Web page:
Vinge employs additional antitrust economists to further strengthen its practice

September 30, 2021

We welcome Adam Löfquist and Carl Widstrand to our EU, Competition & Regulatory practice group.

Adam holds a Master of Science in Engineering within Industrial Engineering and Management from Lund University and has previously interned at Vinge as a Competition Analyst. Carl will join as a Junior Economist following the completion of his studies at the Stockholm School of Economics.

Johan Karlson, partner and head of the practice group:

“These recruitments further strengthen our practice and improve our service offering, particularly within competition law, dispute resolution and public procurement. Our in-house economist team now comprises four qualified economists led by Jakob Jeanrond. This directly benefits our clients.”

Economic expertise is essential for a full-service offering and a necessity in complex competition law cases. These include mergers, co-operation and other agreements, cartel investigations or abuse of dominance cases, but also cover strategic advice in relation to for instance pricing strategies. Economic expertise is also crucial for calculations of damages, for developing economic evidence in various disputes featuring damages claims, as well as for the preparation of public procurement tenders and possible ensuing appeals.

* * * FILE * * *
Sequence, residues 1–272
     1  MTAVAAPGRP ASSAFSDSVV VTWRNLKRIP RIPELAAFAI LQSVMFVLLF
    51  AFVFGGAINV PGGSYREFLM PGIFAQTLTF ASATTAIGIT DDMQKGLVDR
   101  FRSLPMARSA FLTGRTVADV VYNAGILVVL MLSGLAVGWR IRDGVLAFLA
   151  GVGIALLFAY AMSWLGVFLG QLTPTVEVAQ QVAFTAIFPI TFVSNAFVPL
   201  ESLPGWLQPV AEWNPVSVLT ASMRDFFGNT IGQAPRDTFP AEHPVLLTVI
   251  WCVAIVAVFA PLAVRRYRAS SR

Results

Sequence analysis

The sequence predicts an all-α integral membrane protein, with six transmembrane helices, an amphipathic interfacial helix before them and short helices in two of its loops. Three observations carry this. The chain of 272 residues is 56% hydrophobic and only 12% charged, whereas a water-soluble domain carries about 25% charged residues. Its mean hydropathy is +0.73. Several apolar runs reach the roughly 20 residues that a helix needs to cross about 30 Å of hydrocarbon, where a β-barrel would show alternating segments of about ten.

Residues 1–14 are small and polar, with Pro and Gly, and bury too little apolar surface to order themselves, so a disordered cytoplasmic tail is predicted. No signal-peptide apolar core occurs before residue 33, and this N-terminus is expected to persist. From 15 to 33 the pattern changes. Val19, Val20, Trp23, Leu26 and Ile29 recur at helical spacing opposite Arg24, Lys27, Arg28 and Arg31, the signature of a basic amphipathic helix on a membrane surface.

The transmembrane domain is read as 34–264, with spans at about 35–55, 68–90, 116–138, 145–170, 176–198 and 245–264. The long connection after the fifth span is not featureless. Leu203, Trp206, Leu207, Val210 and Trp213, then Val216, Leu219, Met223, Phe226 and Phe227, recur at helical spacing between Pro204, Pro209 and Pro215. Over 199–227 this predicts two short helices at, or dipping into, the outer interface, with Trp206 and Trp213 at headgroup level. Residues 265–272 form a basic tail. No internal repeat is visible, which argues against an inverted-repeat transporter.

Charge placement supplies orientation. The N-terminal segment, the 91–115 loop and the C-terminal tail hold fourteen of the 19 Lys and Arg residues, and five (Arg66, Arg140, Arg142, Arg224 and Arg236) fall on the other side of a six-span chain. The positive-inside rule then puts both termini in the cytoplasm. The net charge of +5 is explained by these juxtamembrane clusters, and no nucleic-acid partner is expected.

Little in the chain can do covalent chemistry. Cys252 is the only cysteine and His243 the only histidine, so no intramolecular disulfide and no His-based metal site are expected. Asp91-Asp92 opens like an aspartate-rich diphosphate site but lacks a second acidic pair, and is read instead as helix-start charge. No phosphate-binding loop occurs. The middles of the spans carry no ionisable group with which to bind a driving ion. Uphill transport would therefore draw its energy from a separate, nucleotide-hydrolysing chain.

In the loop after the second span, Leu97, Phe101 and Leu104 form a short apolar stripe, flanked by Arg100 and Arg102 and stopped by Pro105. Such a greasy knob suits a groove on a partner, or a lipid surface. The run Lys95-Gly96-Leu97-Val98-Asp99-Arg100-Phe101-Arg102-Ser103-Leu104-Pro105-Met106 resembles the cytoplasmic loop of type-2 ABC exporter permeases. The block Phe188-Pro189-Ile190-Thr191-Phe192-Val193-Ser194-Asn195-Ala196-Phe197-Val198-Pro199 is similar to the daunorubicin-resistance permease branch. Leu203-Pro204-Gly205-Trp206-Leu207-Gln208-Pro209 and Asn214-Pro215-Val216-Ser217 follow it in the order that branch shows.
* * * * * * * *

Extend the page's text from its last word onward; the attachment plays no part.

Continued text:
The Swedish rules on cabotage transport and posting will change on 2 and 21 February 2022

The Swedish government has decided on a number of new rules concerning cabotage transports, combined transports, transport customer responsibility for driving and rest times and posting of workers.
January 21, 2022

Vinge presents the Swedish chapter for the 2022 version of The Legal 500: Private Equity Country Comparative Guide

The guide provides an overview of the Swedish Private Equity market and the salient legislation in connection with PE transactions in Sweden.
January 11, 2022

The prohibition imposed by EU law on complying with secondary sanctions laid down by the United States against Iran may be relied on in civil proceedings

On Tuesday 21 December, the EU Court of Justice delivered its long-awaited judgment in the Bank Melli Iran case (Case C-124/20) on the interpretation of the EU Blocking Statute regarding compliance with third country sanctions. According to the Court, the prohibition imposed by EU law on complying with secondary sanctions laid down by the United States against Iran may be relied on in civil proceedings. Following the Court’s judgment, anyone seeking to terminate a contract with a person or business subject to US sanctions must thoroughly consider if the termination is motivated by other reasons than the existing sanctions and reflect on whether to apply to the Commission for a derogation from the Blocking Statute.
December 23, 2021